This end of session is designed to focus on capturing emergent interests.
Good questions will help you to generate powerful conversations at the end of session.
Capturing the emergent interests on session helps us to make decisions about the next session.
See below examples of how centres document the emergent interests of the children’s play and learning.
Lincoln Playcentre keeps a session profile book for each of their sessions.
North Beach Playcentre captures the day’s learning as a mindmap.
Southbridge Playcentre notes the day’s play and learning on a white board.
River Downs Playcentre revamped their end of session evaluation form to capture the important emergent interests for the day.
I would love to see other creative ways of capturing the stories of the day.
Playcentres are frequently asked how they link their work in Playcentre to Te Whāriki. Are we expected to make overt links by writing a strand and a goal on each learning story or can we achieve this in different ways?
Te Whariki is a way of being
In working with Playcentres I have often observed that for many Playcentres Te Whāriki is a way of being rather than a way of doing. In other words they don’t strive to do Te Whāriki, it becomes a way of life. This is very visible in the core principles and how these closely link with the core philosophies of Playcentre. The principles provide us the underlying beliefs of the curriculum, children learn best :
- In relationships with others
- When their family is involved and when their learning is embedded in the context of their community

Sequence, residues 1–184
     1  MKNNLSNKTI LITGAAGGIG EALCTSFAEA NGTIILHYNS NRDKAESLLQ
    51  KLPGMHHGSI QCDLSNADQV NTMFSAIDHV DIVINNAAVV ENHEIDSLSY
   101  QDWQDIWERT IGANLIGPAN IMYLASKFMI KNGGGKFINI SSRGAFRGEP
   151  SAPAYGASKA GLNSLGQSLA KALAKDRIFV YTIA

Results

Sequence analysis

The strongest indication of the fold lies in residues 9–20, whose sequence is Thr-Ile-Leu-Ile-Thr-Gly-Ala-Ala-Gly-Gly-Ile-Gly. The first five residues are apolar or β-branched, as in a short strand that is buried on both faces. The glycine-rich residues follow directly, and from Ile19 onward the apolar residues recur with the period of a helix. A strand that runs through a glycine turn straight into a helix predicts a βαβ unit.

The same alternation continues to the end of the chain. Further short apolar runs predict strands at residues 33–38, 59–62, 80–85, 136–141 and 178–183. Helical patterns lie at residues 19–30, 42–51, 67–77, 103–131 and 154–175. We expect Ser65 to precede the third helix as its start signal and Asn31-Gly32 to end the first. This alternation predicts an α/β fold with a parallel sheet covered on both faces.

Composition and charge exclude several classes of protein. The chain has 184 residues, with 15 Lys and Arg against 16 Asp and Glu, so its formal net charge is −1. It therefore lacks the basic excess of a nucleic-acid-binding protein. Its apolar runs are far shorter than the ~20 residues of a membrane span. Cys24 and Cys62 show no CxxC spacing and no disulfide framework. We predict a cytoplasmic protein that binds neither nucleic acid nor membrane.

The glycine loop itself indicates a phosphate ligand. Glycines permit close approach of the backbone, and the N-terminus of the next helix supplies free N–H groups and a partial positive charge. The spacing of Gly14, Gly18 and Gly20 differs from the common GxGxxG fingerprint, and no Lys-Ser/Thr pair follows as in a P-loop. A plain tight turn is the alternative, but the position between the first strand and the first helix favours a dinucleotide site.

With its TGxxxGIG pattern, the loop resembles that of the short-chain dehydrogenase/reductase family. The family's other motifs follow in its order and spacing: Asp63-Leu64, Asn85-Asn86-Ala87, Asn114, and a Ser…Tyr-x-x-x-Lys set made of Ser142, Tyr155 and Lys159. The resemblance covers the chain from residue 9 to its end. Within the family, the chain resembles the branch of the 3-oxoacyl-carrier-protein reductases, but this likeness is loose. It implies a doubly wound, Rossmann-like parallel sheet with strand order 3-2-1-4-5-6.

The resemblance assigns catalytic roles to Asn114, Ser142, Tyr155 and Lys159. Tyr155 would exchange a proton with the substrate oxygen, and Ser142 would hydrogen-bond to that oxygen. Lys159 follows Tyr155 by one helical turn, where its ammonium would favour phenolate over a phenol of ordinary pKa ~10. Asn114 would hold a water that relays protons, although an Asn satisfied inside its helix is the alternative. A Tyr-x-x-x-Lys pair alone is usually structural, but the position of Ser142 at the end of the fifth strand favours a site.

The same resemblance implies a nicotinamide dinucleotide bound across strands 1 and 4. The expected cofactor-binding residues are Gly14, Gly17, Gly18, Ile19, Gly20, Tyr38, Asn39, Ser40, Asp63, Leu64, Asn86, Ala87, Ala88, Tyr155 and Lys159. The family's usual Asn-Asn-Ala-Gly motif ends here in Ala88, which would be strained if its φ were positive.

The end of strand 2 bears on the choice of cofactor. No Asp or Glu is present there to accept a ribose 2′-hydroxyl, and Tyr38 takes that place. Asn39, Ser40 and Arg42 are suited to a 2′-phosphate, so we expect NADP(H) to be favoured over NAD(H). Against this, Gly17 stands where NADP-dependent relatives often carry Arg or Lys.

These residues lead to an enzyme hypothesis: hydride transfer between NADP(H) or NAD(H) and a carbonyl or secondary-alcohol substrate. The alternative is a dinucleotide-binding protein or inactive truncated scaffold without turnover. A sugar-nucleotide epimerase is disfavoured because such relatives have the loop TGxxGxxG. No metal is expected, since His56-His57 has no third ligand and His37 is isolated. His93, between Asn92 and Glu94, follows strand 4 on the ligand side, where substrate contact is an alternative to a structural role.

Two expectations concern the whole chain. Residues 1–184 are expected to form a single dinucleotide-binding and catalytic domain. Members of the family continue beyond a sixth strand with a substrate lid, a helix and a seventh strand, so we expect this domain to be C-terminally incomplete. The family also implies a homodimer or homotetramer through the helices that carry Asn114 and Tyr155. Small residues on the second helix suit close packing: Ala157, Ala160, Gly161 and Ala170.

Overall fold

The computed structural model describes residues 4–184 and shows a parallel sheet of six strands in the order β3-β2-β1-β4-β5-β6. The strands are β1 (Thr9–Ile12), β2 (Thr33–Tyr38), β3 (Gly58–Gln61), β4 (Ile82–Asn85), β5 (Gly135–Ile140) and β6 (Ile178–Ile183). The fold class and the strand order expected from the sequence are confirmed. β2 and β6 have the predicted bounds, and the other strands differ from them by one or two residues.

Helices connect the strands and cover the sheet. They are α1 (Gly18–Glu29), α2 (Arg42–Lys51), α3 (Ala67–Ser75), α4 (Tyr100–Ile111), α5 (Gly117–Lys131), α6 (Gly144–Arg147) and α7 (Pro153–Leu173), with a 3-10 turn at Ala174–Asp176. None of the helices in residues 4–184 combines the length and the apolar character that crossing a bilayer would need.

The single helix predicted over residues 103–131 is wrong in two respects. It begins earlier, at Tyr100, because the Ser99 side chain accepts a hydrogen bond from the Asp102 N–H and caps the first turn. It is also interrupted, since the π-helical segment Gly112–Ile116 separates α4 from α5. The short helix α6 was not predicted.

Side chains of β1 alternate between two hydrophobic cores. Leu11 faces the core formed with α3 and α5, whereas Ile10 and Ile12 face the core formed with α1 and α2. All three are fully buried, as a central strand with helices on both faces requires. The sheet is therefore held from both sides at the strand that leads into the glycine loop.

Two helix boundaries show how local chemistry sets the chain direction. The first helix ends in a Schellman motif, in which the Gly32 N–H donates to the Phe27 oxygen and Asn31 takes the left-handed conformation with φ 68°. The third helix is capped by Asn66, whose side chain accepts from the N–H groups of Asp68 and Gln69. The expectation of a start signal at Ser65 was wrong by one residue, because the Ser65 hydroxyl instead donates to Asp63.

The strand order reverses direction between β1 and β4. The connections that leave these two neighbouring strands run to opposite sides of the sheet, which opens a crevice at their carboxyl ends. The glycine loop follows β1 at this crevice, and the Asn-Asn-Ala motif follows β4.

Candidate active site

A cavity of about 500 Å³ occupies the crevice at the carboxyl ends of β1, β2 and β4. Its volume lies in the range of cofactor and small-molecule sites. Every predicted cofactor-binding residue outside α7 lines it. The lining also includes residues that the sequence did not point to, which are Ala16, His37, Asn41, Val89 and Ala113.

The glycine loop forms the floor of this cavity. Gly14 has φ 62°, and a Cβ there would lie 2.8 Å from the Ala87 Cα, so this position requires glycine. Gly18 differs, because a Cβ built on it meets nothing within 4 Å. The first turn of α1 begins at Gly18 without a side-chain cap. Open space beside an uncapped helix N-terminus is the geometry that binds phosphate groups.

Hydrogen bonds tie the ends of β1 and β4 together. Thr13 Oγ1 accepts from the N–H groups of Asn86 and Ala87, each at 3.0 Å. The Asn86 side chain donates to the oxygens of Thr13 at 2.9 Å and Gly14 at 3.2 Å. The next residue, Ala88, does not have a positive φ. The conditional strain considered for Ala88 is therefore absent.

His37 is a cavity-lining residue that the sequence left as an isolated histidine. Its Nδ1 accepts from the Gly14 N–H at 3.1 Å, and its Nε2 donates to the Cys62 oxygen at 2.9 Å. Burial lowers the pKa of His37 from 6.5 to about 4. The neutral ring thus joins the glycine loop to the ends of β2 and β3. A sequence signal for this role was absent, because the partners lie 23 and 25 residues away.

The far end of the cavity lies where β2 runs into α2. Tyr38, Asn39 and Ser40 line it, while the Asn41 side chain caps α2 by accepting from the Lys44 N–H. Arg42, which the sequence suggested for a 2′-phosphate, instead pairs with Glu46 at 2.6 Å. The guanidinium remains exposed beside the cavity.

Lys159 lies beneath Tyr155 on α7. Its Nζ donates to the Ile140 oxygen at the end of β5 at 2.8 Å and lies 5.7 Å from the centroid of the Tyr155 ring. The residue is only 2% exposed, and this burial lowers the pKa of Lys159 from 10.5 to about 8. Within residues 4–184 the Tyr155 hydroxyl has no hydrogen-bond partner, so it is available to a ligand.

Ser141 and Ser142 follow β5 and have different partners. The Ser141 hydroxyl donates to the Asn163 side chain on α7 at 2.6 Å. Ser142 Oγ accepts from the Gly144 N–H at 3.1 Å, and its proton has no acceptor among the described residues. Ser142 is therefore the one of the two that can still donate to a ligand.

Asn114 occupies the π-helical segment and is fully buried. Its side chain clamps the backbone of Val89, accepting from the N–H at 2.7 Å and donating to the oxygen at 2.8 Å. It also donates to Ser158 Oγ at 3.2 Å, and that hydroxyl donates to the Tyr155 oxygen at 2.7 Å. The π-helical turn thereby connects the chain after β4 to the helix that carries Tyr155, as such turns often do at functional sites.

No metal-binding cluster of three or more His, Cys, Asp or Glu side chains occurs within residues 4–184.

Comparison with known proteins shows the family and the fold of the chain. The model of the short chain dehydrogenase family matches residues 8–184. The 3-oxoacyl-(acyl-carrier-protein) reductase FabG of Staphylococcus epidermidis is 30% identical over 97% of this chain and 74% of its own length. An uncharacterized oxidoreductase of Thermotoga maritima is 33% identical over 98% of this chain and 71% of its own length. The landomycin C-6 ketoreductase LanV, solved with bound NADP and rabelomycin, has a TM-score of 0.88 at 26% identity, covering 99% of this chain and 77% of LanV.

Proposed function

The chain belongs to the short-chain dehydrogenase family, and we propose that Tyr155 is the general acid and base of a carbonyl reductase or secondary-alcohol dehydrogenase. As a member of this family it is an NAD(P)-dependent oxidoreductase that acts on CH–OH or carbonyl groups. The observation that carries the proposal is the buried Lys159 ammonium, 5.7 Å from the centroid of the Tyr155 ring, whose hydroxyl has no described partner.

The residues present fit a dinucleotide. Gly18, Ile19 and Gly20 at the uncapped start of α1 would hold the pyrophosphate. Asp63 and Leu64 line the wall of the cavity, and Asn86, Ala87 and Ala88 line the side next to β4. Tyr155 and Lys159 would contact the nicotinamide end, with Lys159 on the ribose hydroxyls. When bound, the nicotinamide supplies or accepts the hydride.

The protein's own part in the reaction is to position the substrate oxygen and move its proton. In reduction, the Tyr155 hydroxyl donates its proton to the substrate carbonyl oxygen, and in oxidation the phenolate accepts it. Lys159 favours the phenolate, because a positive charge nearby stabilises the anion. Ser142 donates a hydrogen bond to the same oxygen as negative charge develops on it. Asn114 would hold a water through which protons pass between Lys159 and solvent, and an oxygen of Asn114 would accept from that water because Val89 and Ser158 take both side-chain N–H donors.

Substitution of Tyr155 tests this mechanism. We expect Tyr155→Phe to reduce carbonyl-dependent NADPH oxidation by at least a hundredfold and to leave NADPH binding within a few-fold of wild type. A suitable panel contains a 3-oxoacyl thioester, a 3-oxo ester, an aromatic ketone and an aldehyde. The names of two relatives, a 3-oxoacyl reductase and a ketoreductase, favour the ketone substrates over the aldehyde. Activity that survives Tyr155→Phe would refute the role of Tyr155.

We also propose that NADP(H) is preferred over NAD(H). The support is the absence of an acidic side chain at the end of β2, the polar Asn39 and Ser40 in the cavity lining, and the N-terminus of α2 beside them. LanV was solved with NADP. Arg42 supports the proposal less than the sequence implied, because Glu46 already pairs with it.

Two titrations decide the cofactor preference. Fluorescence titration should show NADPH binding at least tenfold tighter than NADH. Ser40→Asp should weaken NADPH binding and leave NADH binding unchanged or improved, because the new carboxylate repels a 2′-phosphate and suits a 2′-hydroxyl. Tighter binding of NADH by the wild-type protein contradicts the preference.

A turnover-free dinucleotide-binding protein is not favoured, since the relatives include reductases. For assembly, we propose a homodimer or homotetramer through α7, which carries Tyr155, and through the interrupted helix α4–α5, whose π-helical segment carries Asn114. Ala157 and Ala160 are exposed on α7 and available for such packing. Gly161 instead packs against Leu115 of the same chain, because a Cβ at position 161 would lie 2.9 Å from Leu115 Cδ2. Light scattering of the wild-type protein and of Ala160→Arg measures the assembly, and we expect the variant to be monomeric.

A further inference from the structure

- When they are empowered through making their own choices
- When we acknowledge the complexity of the learning
Whakamana: Children learn best when they are empowered through their experiences. At Playcentre children actively construct their own learning through play. Playcentre sessions are designed to help tamariki to see themselves as competent and capable learners in that children can choose what they do, how they do it and for how long they choose to do it. Constraints are kept to a minimum.
Kotahitanga: Children learn best when we acknowledge the complexity of children’s learning. A Playcentre we place a high value on play opportunities that allow exploration and experimentation. Honouring the process of the child’s work is more important than the product itself. Learning at Playcentre is integrated into every Playcentre experiences. Adults strive to understand children’s passions and fascination and build on it by providing interesting and inviting play opportunities.
Whānau tangata: Children learn best when their learning is embedded in the context of the community. Being a whānau based organisation, whānau at Playcentre not only manage the centre, but are also the teachers of their tamariki. Most Playcentre whānau attend the Playcentre down the road and as such they bring the community into their centre. Children learn about the community and develop a sense of belonging from the parents working together.